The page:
In this greeting, Saint Paul does not follow the order in which we normally name the divine persons of the Trinity. Rather, he first mentions Jesus, who is the Son before he names God the Father. This very unusual word order, unlocks for us the theology of Saint Paul about how we are saved. Paul begins the greeting by saying “the grace of the Lord Jesus Christ”. He uses the word “grace” to express the salvation event. Through the death and resurrection of Jesus, our sins are forgiven and we are reconciled with God. Thus, it is through the grace of the Lord Jesus Christ that we come to the Father. As Jesus Himself said, “No one comes to the Father except through me” (Jn 14:6).

Paul ends the greeting with the words “the communion of the Holy Spirit”. In the translation of the third edition of the English translation of the Roman Missal, “communion” replaces the word “fellowship”. Both words translate from the Greek word “koinonia.” It’s good to unpack this word because the word “fellowship” and the word “communion” have taken on very different meanings from the original “koinonia.”

First of all, the expression “the communion of the Holy Spirit” reminds us of the intimate relationship that every believer has with the Holy Spirit. The Risen Lord pours out His Holy Spirit on each of us. It is because of the Holy Spirit dwelling within us, that we can call Jesus “Lord” (I Cor 12:4); and, it is in the power of the Holy Spirit that we call God “Father” (Gal 4:6).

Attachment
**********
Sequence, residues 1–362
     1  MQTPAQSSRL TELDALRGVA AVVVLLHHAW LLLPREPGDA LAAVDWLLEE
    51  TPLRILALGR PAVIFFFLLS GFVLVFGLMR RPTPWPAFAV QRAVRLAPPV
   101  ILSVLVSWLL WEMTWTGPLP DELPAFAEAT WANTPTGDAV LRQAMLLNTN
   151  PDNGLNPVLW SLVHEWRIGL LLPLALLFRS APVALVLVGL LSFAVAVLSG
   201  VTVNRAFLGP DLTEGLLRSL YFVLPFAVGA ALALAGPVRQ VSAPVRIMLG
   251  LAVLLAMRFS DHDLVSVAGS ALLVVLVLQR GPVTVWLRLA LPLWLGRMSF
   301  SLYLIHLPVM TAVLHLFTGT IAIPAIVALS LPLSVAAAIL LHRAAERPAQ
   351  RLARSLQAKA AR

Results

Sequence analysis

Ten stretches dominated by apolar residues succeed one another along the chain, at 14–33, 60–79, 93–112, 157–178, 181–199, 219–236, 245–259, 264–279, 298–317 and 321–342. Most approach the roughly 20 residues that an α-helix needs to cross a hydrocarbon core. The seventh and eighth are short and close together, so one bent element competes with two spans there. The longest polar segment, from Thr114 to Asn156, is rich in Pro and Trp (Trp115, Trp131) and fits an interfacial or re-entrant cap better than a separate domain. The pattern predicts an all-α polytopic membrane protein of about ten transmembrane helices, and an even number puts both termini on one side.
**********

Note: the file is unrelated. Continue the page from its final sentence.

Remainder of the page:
Second, the expression “the communion of the Holy Spirit” also reminds us that the Holy Spirit gives to each of us different gifts for a purpose. Using these different gifts, we are to work together for the good of the whole Church and thus form one body, one communion of faith (I Cor 12:7; Gal 5:22).

Something else needs to be said about the syntax of this greeting. In the original Greek found in Saint Paul’s letter, the word “be” is missing, so it can be understood both as a statement of fact and as a wish. But now with our liturgy adding the verb “be” in the greeting, the Church is confident in declaring her faith in the Trinity – it is not just a wish but a statement of fact, a statement of faith. She is confident of the love of the Father who has called together His children into His Church and who has sent His Son so that by His sacrifice we may be gathered into a communion whose inspirer and unifier is the Holy Spirit. This is what happens at every Mass. In the liturgy, all three persons of the Trinity are taking us up into their life as the one God, and forming us here on earth as the Body of Christ.

So, the next time you are tempted to walk up to the priest and ask him to change the wording of the Mass, so that it would sound less off-putting, less formal, more familiar, remember this simple truth – the Mass is not about you, it’s not even about the priest, it is first and foremost about God, the Most Holy Trinity, whom we worship, and the very same Holy Trinity who now invites us, unworthy though we are, into the community of Persons, where each is distinct and yet perfectly united. “Unity in diversity” is not just a pretty slogan. It is already a reality in the three persons whom we call God. The deeper we grow in union with God, the deeper and more authentic would our communion be.